Should these ballots be counted?

“Democratic U.S. Sen. Bill Nelson is suing the Florida Department of State in an effort to count vote-by-mail ballots that were postmarked before Election Day but not delivered before polls closed.

“Nelson’s attorney, Marc Elias, filed the lawsuit Monday, saying voters should not be disenfranchised because of mail delivery delays that aren’t their fault. … As an example, he cited the Miami-Dade County postal facility that was evacuated when because explosive devices sent to prominent Democrats were processed there.

“‘Florida’s 7 p.m. Election Day receipt deadline for vote by mail ballots burdens the right to vote of eligible voters,’ the suit said. Elias wants all ballots postmarked before Nov. 6 to be counted if they are received within 10 days of the election.”

In another Florida case,

“Election officials in a Florida county battered by Hurricane Michael last month allowed about 150 displaced voters to cast ballots by email, even though it’s not allowed under state law. … Bay County Supervisor of Elections Mark Andersen defended that decision Monday. Andersen told [a] newspaper that parts of the county remained shut off by law enforcement, preventing people from reaching their homes. The displaced voters were allowed to scan and email their ballots to the elections office. Andersen said all the ballots were verified by signature.

“Hurricane Michael hit the Florida Panhandle Oct. 10 as a devastating Category 4 storm. On Oct. 18, Gov. Rick Scott issued an executive order extending early voting and designating more voting locations in the eight counties, including Bay. A statement that accompanied the order specifically prohibited votes being returned by email or fax.”

(Read story here)

What do you think? Should a judge order these votes counted? This is possible because a judge can make exceptions to state laws by exercising what is known as the equity authority of the court in order to remedy unfair results caused by a strict application of the laws. This involves an equitable balancing of the interests of the parties (in this case the state and the affected voters). Post your comments.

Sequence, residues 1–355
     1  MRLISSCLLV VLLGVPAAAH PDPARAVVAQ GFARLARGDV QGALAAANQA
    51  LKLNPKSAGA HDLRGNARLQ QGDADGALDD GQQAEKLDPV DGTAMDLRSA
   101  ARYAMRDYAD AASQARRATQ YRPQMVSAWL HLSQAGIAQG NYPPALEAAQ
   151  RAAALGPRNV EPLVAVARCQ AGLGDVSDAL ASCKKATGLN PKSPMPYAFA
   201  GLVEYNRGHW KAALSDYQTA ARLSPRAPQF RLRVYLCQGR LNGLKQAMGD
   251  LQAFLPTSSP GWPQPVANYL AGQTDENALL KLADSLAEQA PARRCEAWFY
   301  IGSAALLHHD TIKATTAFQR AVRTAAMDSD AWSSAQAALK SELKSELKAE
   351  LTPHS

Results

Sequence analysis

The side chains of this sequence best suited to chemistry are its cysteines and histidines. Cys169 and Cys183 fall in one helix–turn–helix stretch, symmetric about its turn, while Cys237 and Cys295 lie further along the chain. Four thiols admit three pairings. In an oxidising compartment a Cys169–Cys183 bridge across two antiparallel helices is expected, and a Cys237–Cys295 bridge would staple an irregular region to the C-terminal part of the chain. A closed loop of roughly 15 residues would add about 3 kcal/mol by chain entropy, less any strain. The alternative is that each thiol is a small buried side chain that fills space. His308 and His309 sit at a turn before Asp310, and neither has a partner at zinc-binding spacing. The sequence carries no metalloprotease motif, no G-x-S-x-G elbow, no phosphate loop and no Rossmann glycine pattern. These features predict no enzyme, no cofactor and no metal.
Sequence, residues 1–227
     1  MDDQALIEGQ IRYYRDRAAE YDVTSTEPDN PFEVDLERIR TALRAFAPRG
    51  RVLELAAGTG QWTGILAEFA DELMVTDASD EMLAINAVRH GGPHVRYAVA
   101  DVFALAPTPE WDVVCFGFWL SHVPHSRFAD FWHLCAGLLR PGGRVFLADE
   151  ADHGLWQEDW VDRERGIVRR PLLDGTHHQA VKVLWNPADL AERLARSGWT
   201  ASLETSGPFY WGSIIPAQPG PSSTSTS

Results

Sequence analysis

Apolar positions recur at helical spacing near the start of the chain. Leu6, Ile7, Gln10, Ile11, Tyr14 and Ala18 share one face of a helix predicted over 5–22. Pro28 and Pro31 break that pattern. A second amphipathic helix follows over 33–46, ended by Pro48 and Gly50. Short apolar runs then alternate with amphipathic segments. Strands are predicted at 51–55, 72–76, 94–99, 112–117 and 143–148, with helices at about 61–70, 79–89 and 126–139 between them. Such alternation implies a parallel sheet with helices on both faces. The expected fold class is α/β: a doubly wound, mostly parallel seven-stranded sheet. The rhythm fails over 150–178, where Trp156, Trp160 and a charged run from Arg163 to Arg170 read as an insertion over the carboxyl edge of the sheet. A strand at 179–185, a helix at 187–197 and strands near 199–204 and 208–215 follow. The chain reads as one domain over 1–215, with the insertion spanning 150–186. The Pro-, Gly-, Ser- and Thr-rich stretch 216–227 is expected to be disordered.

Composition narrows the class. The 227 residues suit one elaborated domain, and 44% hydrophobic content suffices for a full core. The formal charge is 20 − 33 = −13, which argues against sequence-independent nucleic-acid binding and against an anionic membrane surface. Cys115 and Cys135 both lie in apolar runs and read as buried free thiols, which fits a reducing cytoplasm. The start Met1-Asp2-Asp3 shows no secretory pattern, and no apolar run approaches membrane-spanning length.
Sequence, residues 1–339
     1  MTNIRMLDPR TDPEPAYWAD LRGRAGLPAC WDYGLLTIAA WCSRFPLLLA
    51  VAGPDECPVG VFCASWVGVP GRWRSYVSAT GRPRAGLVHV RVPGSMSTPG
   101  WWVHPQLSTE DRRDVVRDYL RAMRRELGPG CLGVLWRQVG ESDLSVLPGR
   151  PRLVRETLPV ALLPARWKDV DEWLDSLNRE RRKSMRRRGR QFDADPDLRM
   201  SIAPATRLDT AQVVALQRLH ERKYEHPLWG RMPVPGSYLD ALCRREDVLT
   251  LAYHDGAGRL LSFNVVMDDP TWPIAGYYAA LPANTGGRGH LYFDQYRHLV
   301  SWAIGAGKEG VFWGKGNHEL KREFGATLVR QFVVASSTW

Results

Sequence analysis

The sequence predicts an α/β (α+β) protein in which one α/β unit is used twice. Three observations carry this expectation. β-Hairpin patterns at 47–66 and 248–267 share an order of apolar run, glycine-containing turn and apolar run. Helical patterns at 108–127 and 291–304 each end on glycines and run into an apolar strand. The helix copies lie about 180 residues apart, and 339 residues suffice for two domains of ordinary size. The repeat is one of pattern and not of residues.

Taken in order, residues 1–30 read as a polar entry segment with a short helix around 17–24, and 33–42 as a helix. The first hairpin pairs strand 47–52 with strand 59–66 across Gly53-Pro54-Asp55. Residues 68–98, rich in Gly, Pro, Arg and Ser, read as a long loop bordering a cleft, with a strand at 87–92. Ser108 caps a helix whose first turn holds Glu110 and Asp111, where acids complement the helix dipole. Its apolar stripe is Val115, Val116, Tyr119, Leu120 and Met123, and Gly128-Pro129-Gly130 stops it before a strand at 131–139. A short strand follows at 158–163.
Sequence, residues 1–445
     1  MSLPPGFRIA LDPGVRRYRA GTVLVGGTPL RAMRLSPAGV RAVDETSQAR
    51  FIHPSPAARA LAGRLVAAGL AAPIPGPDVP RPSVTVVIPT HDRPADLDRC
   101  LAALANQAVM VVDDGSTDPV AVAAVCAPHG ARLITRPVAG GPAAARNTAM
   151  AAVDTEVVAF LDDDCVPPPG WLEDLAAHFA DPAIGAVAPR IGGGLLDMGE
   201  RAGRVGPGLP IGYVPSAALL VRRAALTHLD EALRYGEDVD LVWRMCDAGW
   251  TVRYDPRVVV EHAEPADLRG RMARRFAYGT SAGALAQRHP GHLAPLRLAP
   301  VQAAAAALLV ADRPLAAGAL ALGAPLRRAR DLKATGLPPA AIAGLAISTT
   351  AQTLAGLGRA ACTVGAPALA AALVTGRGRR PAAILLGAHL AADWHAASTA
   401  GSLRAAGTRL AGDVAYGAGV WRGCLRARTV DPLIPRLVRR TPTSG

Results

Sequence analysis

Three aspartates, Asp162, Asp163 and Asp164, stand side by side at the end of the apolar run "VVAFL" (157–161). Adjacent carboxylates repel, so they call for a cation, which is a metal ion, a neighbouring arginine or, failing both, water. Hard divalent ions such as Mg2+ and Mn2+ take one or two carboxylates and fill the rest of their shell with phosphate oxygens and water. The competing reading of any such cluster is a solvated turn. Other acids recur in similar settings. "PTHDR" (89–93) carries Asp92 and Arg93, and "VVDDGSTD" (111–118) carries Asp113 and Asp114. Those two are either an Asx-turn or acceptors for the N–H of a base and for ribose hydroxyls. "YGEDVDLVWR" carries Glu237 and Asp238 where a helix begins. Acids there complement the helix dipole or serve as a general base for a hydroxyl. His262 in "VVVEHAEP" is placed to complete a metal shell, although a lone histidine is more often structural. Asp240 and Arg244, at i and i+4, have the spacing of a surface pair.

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  1. Mark Adams #

    Depends on how the statute is written. If notice has been provided to voters. If public officials announced some extra time mat affect how a judge may rule. Generally Florida judges are a conservative bunch, and any judge in this case knows it will be appealed up to the Florida and Supreme Courts. I suspect a Florida trial judge will bounce the law suit or rule against, and the appeals will deny review as will the Supreme court of Florida. And even if appealed to the US appeals it will be denied review, though if the matter has not already been settled in that US circuit the appeals court will grant review, only to rule against on the merits based on precedent at the US Supreme Court.

  2. Roger Rabbit #

    Well actually, Mark, it doesn’t depend on how the statute is written when you ask a court for an exception to the statute under its equitable powers. The wording of the statute could, however, influence the judge when weighing equities. A judge is more likely to grant an equitable exception if he perceives the statute to be unfair, and is less likely to fashion a judicial remedy if the statute itself provides remedies for exceptional situations, so you aren’t entirely wrong about that.